“The spread of different viruses is affected by all elements of the weather, including sunshine, temperature, rain and humidity,” said Sándor Szegedi, the head of the Department of Meteorology at the University of Debrecen.
In his announcement, Sándor Szegedi explained to Hirado that since the purpose of viruses is to enter the human body and reproduce in it, they are only able to survive in roughly similar weather conditions as the one provided by its host. Therefore, viruses spread more effectively in a closed, weather-independent space, than in the open air, where they are exposed to numerous effects.
Mild weather has helped coronavirus to spread.
“According to scientists, temperatures between 0 and 20 degrees Celsius are the most optimal for viruses. The mild climate of Wuhan in Hubei Province, the assumed starting point of the current coronavirus pandemic, and the smog typical of Chinese metropolises created ideal conditions for the outbreak. Viruses can travel long distances by adhering to the floating aerosol particles in the smog, and when the coronavirus arrived in Europe, the mild but gloomy weather also favoured its spread,” Szegedi said.
He added that temperatures well below freezing point and extremely high humidity (around 90%) could greatly reduce the spread of the virus.
Rain can help wash out viruses from the air, but wind acts as a double-edged sword since it can blow disease-causing particles up to tens of meters.
The head of the Department of Meteorology reported that direct sunlight can be considered the biggest enemy of the current COVID−19 pandemic because ultraviolet rays have bactericidal and antiviral effects.
“During the following weeks, because of the longer periods of sunshine and the high position of the sun, the efficiency of sunlight will further improve which may inhibit the coronavirus from settling down on sunlit surfaces,” added Szegedi.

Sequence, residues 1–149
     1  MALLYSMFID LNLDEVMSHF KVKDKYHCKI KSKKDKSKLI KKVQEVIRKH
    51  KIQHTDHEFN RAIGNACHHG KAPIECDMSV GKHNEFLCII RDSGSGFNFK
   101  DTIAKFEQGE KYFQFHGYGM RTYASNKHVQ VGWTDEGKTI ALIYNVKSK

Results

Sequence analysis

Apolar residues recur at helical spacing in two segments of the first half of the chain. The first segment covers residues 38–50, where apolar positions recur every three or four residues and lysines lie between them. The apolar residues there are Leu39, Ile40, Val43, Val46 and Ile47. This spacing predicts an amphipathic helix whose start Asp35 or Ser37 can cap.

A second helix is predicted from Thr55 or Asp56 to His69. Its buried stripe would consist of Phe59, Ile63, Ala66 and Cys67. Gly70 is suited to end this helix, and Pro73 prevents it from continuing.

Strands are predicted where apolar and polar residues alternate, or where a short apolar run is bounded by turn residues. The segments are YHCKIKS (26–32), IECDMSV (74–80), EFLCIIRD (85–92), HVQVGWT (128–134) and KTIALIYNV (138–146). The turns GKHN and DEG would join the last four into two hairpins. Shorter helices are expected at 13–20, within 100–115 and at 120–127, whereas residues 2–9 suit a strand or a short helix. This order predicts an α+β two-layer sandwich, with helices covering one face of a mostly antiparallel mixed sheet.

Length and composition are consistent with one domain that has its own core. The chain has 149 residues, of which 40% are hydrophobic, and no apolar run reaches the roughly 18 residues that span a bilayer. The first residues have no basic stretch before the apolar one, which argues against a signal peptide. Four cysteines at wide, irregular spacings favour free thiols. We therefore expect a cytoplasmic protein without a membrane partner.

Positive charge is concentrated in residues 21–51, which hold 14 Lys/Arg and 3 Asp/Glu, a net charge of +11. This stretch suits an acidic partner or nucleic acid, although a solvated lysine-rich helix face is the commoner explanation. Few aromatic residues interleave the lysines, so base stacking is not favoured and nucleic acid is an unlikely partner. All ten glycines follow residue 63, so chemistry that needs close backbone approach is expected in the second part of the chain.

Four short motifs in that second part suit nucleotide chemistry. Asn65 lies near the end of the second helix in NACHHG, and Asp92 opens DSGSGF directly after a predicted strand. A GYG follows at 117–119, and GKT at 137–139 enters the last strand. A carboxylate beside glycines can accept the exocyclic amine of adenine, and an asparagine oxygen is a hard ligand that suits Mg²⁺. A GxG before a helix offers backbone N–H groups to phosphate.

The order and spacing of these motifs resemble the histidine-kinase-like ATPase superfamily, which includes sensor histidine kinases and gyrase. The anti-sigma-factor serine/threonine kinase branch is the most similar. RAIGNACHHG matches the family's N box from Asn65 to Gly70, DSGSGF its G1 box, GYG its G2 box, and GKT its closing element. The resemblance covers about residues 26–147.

As István Lázár, the employee of the Department of Meteorology pointed out, the current coronavirus pandemic also affects weather forecasting.
In addition to radiosondes and other weather balloons, commercial flights also help to collect data. They measure during take-off and landing, on the runway and at their cruising altitude. These measurements significantly influence the accuracy of forecasts, especially in changeable weather situations.
According to the data of EUMETNET (a network of European Meteorological Services), the 70% reduction in air traffic caused by the coronavirus pandemic has reduced the rate of incoming data from commercial aircraft (a plural is aircraft) to 40%. Lázár further added that based on the simulations of the European Center for Medium-Range Weather Forecasts, the accuracy of weather reports without these aircraft measurements that forecast for the next 12 hours dropped by 10−15% in the Northern Hemisphere at altitudes between 7 and 16 kilometres. The setback was less significant in the Southern Hemisphere as air traffic was not as heavy there.